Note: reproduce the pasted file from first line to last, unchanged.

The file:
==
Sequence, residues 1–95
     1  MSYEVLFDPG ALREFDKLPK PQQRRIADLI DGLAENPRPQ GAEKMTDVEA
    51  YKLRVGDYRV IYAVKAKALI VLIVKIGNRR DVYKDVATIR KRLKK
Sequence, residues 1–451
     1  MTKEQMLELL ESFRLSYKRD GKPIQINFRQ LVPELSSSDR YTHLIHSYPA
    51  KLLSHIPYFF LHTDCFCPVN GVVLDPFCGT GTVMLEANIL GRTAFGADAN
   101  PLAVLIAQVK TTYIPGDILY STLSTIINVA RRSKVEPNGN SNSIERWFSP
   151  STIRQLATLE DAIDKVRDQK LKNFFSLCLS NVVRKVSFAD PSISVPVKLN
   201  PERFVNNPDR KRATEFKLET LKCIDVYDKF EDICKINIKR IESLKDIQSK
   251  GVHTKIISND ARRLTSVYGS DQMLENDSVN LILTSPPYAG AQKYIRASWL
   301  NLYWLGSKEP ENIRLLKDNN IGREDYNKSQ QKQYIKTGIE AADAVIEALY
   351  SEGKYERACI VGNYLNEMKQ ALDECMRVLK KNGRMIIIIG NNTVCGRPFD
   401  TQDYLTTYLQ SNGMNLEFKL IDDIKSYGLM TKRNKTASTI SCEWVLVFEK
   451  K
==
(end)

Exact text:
Sequence, residues 1–95
     1  MSYEVLFDPG ALREFDKLPK PQQRRIADLI DGLAENPRPQ GAEKMTDVEA
    51  YKLRVGDYRV IYAVKAKALI VLIVKIGNRR DVYKDVATIR KRLKK
Sequence, residues 1–451
     1  MTKEQMLELL ESFRLSYKRD GKPIQINFRQ LVPELSSSDR YTHLIHSYPA
    51  KLLSHIPYFF LHTDCFCPVN GVVLDPFCGT GTVMLEANIL GRTAFGADAN
   101  PLAVLIAQVK TTYIPGDILY STLSTIINVA RRSKVEPNGN SNSIERWFSP
   151  STIRQLATLE DAIDKVRDQK LKNFFSLCLS NVVRKVSFAD PSISVPVKLN
   201  PERFVNNPDR KRATEFKLET LKCIDVYDKF EDICKINIKR IESLKDIQSK
   251  GVHTKIISND ARRLTSVYGS DQMLENDSVN LILTSPPYAG AQKYIRASWL
   301  NLYWLGSKEP ENIRLLKDNN IGREDYNKSQ QKQYIKTGIE AADAVIEALY
   351  SEGKYERACI VGNYLNEMKQ ALDECMRVLK KNGRMIIIIG NNTVCGRPFD
   401  TQDYLTTYLQ SNGMNLEFKL IDDIKSYGLM TKRNKTASTI SCEWVLVFEK
   451  K